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Early Greek Settlers in Santa Cruz County

Once Greeks began settling in Santa Cruz County, it became a matter of time before they would be able to have their own church. This took many decades, however, because their numbers were not nearly enough to found and support a church.

The earliest Greek settlers established themselves in Davenport, some nine miles north of the city of Santa Cruz. Practically all of them came from the region of Chania, Crete, Greece. They included the Cuclis (Kouklakis) brothers, Demetrios and Kyriakos, who arrived in 1913; Vasilis Dimotakis, Anthony Vomvolakis, Anthony Stratos, Leonidas Boulitsakis, who arrived in 1920; Nicholas Arvelas and many others. One notable exception was Tony Kollias from the island of Poros, known as “Tony the Greek.” Basically, all of them began work at the Santa Cruz Cement Company, and as they were all single men, they stayed at the Bella Vista Boarding House managed by Demetrios Cuclis.

As the “Roaring Twenties” marched on many of the Davenport Cretans went back to their homeland and brought new brides. Meanwhile, they expanded into other occupations: L. Boulitsakis, N. Arvelas and V. Dimotakis became ranchers; A. Stratos a farmer; the Cuclis brothers became first ranchers and then Demetrios a butcher and Kyriakos a dairy farmer. During the depression years of the 1930s they all managed to survive and create families.

In Santa Cruz, the Scontriano brothers, William (Vasilis) and George, arrived in 1929 and opened a restaurant. However, they and a handful of others, including a lone lumberjack in Capitola named Chris Betsakos, were the only Greeks in Santa Cruz until the beginning of the 1940s. In 1942, Leonidas Marinos moved from Davenport to Santa Cruz and opened a beach restaurant. By the mid-40s many others, including the Cuclis, Boulitsakis, Arvelas and Vomvolakis families had followed suit. In 1944, Theodore Spagopoulos (father of Elaine Stratos) from Kalamata also settled in Santa Cruz.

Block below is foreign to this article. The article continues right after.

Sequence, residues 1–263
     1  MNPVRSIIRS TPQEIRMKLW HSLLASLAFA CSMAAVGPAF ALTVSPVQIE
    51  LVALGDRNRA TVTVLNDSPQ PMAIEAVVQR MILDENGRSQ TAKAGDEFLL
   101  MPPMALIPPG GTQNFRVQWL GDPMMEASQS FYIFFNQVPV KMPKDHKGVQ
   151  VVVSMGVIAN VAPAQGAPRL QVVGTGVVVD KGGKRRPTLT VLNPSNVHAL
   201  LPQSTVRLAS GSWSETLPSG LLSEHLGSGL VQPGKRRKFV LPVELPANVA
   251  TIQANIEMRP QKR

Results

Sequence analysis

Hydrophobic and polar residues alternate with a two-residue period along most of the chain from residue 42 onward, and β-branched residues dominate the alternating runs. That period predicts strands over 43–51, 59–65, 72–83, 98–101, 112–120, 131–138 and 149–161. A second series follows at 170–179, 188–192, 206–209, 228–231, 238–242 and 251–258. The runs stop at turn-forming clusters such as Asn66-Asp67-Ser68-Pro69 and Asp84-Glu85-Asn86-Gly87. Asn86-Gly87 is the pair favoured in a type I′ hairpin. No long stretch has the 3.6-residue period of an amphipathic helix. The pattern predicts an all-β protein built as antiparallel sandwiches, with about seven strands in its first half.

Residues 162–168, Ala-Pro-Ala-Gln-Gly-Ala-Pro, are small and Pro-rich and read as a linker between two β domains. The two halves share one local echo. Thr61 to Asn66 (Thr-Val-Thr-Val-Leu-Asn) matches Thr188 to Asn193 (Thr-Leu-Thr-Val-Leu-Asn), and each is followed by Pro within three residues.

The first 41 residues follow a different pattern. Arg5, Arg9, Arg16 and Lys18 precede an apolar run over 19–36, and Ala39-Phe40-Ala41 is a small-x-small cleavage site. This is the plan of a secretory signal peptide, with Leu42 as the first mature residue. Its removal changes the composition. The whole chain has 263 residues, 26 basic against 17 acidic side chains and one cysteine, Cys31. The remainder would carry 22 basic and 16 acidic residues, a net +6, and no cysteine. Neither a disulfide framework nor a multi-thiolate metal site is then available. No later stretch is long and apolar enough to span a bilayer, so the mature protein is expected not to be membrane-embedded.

The result of this influx was that by the end of the Second World War Greeks in Santa Cruz numbered 20-25 families. Shortly after the war, in 1945-46, John and Georgia Sandas arrived from Port Angeles, Washington, and Fotis and Evelyn Mellis, from Stockton, California. The former opened a bakery and the latter a grocery store, which were destined to be continued for many years by their sons Paul Sandas and Spiro Mellis. As the 1940s were beginning to wane, Gus and Bessie Georgouses arrived in 1947.

A small number of Greeks also settled in south Santa Cruz County. With the exception of Louis Athas and his brother Harry Xanthus, who settled in the area between Aptos and Watsonville in 1922 and practiced ranching-farming, the rest established themselves in Watsonville during the 1940s. They included Evangelos and Amalia Hoularis, who arrived in 1944, Sam Davis, Peter Poulos, Nicholas Gramatis, and George and Catherine Lerek with their sons Nicholas and John, who opened a bakery. Much later, in 1959, James and Anthony Petroutsas arrived and entered the restaurant business. They were followed by two other brothers in the 1960s – Peter and Tasos.